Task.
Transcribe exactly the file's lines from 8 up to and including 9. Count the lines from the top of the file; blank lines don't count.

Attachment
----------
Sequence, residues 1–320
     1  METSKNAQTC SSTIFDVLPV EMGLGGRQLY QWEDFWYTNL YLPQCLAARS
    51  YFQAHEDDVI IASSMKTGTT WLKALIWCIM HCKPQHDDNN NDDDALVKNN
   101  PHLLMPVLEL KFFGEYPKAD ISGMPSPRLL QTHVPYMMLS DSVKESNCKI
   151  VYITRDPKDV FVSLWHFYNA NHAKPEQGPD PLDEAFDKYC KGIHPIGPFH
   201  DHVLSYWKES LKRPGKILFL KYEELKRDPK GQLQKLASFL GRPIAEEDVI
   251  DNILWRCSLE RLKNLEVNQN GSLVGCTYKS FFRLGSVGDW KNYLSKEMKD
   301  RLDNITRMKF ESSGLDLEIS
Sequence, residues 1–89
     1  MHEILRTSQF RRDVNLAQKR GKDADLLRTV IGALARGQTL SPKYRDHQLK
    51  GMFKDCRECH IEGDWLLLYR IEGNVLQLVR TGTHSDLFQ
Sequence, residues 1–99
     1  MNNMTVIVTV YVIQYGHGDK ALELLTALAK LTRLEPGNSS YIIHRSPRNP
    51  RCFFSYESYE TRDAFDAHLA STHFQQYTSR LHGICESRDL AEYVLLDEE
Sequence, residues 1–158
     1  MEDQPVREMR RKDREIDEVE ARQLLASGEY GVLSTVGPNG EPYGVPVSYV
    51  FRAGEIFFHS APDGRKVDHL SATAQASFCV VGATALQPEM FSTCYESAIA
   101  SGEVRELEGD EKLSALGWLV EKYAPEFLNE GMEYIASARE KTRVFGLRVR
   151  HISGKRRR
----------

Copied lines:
   301  RLDNITRMKF ESSGLDLEIS
Sequence, residues 1–89